Forced labor in the technology industry supply chain refers to the exploitation of workers involved in producing and distributing technology products and services
Forced labor in the technology industry supply chain refers to the exploitation of workers involved in producing and distributing technology products and services. It is a form of modern slavery that can occur at any stage of the semiconductor and technology supply chain, from the extraction of raw materials, mining, raw material processing, silicon wafer production, assembly, and the testing of finished products to the disposal of electronic waste.
Workers in the technology industry supply chain may be subject to various forms of exploitation, including human trafficking and modern slave labor. They may be forced to work long hours in unsafe and inhumane conditions for little or no pay. Many are also subjected to physical and verbal abuse and may be deprived of their freedom of movement and the right to leave their jobs.
Forced labor in the technology industry supply chain is a major human rights issue, affecting millions of workers worldwide. Therefore, companies in the technology industry have a responsibility to ensure that their supply chains are free from forced labor and to work with suppliers to address any instances of exploitation.
There have been numerous reports of forced labor in the technology industry, particularly in countries such as China, where labor laws are weaker, and enforcement is often lax. As a result, workers may be subjected to long hours, low pay, dangerous working conditions, and other forms of exploitation, and may be unable to leave their jobs due to threats, violence, or other forms of coercion.
There have also been reports of forced labor in the mining and production of raw materials such as cobalt, mica, tin, and others. Children are often forced to work long hours in dangerous and unhealthy conditions and may be physically and emotionally abused.
Cobalt, for example, is a critical component of lithium-ion batteries in smartphones, laptops, and other electronic devices. The Democratic Republic of Congo (DRC) produces more than half of the world's cobalt, and there have been reports of forced and child labor in cobalt mines. Coltan, or columbite-tantalite, is another material linked to slave labor and is mined in the Democratic Republic of Congo (DRC). Coltan is used in the production of capacitors, which are used in electronic devices such as smartphones and laptops.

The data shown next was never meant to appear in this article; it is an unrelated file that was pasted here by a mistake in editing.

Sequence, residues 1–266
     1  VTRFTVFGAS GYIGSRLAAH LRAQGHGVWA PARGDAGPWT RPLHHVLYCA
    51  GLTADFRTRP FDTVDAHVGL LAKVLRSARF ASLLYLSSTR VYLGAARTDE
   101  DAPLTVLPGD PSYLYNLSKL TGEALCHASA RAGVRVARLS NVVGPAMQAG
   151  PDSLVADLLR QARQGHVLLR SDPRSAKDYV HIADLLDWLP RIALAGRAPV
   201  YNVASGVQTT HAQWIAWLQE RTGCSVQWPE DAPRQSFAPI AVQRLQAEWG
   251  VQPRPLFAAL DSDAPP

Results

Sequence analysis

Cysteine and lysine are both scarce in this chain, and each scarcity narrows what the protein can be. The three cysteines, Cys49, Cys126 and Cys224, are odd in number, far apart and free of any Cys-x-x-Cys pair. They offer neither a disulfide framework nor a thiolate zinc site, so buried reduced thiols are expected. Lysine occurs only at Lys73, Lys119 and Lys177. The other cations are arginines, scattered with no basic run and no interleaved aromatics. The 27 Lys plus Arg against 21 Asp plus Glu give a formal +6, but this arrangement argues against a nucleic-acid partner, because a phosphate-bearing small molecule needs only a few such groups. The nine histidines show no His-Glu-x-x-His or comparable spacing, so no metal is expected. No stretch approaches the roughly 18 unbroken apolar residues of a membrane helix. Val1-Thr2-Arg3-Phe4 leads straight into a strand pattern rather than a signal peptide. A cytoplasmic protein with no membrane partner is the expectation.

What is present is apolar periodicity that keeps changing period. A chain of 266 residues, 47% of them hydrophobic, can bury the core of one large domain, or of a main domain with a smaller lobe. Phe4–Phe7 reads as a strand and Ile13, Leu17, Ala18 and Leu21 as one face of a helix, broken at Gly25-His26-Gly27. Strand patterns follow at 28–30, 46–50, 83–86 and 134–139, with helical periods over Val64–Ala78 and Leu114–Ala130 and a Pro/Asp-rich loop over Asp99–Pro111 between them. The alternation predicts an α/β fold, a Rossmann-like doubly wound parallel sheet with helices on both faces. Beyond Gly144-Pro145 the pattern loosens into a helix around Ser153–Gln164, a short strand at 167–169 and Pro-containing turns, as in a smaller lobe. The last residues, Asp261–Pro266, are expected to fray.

Other raw materials linked to forced labor include:
The Democratic Republic of Congo (DRC) and surrounding countries in Central Africa have also been linked to mining conflict minerals used in a wide range of products, including consumer electronics, jewelry, and automotive parts. Conflict minerals are minerals that are mined in areas of armed conflict, often by forced or coerced labor, and are sold to finance armed groups or contribute to human rights abuses. The most commonly referred to as conflict minerals are tin, tantalum, tungsten, and gold (often called the "3TG" minerals). Learn more about Conflict Minerals.
In addition to the raw materials used in electronic products, there are also risks of labor abuses in producing electronic components and finished products. For example, there have been reports of labor abuses in electronics manufacturing facilities in countries like China, including long working hours, low wages, and poor working conditions.
To address this issue, some technology companies have established ethical sourcing policies and programs to identify and prevent forced labor in their supply chains. These efforts include conducting audits and inspections, working with suppliers to improve labor conditions, and engaging with stakeholders to promote transparency and accountability.
Despite these efforts, eliminating forced labor in the technology industry supply chain remains a challenge, given the complexity and global nature of the supply chain. However, ongoing collaboration among stakeholders, including governments, non-governmental organizations, and industry groups, can help address this issue and ensure workers are protected from exploitation.
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